Simon Fraser University is committed to providing effective and engaging learning experiences for students. Gathering feedback on a regular basis from students is beneficial information for instructors, departmental and Faculty leadership, as well as the institution. The CES (Course Experience Survey) program collects, analyzes, and disseminates student feedback about their learning experiences in courses. It is intended to capture crucial student feedback and provide voice to students in how they experience academic programs at SFU, and is used by members of the SFU community to:

  • Provide information to instructors for the purposes of reflection on how they can improve their students’ learning experiences

Instructors play a critical role in how students engage with the course, which in turn impacts how well they learn. Instructor choices (i.e., how they interact with students, facilitate learning activities) can assist learning, but can also impede learning. CES should help instructors determine the areas of their practice that could be improved, and which areas are their strengths.

  • Present academic leadership (Chairs and Directors, Deans) with information about how a particular course was experienced by students

This information can guide future course assignments, student recruitment, or highlight issues that may require follow-up. Information in CES reports should offer academic leadership insight into how students experienced the course (i.e., teaching and assessment practices).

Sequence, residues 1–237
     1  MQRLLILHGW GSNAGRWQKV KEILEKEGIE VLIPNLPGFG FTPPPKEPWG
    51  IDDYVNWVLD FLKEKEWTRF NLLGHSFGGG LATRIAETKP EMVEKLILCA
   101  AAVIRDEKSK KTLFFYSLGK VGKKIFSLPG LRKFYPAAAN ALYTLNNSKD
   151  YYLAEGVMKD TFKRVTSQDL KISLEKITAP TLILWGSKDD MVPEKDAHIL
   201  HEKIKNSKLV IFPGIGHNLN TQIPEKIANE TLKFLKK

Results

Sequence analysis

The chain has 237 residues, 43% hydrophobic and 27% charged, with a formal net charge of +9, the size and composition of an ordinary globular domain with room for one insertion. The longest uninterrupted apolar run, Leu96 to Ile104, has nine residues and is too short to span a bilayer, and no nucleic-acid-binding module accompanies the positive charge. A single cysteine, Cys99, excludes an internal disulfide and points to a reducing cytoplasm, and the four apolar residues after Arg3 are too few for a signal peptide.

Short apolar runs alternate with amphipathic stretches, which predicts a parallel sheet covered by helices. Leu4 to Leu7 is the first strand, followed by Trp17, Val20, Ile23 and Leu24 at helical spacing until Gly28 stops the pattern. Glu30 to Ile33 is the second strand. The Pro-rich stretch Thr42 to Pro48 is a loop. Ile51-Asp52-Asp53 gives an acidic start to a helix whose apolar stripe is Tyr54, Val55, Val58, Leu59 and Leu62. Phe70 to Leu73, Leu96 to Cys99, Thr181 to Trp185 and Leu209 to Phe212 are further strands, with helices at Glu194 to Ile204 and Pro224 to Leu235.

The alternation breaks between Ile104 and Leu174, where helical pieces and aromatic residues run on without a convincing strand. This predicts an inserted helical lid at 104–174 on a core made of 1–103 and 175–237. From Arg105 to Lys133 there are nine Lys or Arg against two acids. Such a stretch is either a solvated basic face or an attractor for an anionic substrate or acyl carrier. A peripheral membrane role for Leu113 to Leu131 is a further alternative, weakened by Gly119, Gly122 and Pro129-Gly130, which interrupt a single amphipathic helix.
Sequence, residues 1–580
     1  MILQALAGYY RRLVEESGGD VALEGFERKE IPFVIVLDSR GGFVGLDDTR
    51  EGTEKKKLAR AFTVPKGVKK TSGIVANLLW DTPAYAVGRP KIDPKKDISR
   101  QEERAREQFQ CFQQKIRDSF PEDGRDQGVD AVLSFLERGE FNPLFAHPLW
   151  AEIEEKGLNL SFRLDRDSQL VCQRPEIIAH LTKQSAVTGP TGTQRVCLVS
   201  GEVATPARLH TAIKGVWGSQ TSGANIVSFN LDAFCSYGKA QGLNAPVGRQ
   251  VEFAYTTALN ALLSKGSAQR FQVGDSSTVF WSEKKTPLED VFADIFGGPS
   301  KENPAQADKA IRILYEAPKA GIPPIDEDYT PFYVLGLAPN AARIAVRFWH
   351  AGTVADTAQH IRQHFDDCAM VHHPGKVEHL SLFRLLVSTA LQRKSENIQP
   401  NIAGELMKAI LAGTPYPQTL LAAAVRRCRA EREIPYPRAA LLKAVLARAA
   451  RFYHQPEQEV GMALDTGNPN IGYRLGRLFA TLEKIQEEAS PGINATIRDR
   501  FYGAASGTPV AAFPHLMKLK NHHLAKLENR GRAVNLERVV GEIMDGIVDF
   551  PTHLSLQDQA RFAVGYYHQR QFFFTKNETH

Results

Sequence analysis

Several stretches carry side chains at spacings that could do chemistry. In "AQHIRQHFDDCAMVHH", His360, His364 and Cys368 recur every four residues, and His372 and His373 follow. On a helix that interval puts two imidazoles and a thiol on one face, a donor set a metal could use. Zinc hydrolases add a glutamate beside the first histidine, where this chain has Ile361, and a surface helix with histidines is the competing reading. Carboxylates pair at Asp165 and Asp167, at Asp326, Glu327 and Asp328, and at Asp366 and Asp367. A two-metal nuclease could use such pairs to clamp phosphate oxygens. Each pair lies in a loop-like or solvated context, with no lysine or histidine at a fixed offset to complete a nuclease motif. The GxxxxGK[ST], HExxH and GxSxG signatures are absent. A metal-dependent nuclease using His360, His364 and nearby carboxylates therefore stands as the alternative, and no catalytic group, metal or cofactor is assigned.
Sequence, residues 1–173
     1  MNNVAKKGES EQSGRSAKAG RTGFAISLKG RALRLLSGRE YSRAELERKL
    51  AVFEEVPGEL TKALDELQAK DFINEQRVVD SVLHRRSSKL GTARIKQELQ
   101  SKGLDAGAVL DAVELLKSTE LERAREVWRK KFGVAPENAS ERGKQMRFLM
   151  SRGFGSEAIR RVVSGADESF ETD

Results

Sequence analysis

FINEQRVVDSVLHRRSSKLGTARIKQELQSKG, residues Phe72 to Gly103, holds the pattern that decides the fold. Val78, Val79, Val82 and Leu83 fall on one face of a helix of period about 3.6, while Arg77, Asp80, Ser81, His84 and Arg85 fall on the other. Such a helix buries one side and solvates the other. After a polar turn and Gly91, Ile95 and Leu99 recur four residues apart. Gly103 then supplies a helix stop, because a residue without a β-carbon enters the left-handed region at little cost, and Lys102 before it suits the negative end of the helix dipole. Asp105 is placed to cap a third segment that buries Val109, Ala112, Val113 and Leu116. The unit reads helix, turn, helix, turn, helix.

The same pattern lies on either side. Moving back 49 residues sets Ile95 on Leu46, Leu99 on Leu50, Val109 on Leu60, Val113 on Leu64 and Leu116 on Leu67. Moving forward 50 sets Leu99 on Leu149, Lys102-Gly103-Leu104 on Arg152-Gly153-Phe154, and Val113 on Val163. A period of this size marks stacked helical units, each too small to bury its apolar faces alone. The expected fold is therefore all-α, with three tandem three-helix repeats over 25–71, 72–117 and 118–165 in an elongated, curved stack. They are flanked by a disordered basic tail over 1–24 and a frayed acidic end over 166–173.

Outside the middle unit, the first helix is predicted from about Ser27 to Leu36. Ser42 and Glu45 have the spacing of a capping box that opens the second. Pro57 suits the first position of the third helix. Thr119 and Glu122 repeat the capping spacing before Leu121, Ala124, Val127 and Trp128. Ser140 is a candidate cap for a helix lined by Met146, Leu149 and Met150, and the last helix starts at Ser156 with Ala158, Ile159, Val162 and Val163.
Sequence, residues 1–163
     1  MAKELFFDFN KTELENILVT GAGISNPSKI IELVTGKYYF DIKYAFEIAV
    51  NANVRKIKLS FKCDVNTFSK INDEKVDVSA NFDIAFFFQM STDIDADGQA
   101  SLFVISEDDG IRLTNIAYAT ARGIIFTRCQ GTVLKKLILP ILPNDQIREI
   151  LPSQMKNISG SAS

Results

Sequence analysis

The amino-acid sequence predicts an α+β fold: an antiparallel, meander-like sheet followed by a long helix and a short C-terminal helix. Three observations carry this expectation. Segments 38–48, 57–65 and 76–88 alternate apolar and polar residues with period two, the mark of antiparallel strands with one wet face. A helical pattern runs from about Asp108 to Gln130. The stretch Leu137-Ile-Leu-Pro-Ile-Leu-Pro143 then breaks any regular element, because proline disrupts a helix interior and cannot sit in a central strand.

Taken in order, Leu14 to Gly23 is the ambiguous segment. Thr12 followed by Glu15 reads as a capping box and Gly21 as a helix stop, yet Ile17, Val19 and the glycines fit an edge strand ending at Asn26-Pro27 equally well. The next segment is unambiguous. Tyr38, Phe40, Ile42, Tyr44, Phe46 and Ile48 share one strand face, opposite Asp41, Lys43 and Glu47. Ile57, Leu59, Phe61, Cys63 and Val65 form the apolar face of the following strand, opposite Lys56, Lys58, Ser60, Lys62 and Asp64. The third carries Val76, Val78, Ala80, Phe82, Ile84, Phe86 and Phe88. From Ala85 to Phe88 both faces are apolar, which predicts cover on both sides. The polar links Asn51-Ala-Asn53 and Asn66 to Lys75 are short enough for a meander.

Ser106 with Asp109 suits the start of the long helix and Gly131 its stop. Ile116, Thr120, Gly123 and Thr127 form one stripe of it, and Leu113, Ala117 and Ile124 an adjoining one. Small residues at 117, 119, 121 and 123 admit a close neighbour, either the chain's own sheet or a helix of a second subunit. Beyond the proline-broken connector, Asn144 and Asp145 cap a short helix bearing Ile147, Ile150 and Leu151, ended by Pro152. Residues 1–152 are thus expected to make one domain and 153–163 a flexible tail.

• Provide programs with information about student perspectives regarding how the course contributes to their program of study

CES reports can be useful in understanding student perceptions of course design and assessment decisions (i.e., difficulty, work load, relationship between courses, relevance or inclusivity of topics/authors). However, CES reports cannot provide programs with information about academic or educational goals achievement.

  • Allow students to reflect on their own learning

When we prompt students to think about what aspects of a course helped them learn, we are not only opening a dialogue with them, we are also encouraging them to think about their own learning process. By providing an opportunity to critically examine their experience, students could further strengthen and develop their metacognition and self-awareness skills and gain insight into which learning strategies work well for themselves.

  • Provide Senior Leadership data about strategic educational initiatives

By combining data across the university, Senior Leaders will be able to get a sense of how students are experiencing broad ranging efforts to improve academic quality and curriculum.

  • Submit information to Tenure and Promotion Committees (TPCs)

CES can be used in biennial review and tenure/promotion decisions through providing information about how students experienced an individual’s teaching, and providing an opportunity for instructors to reflect on and adapt their practices in response. This reflection and iterative engagement in adaptation of teaching practices is considered to be at the core of what makes an excellent teacher.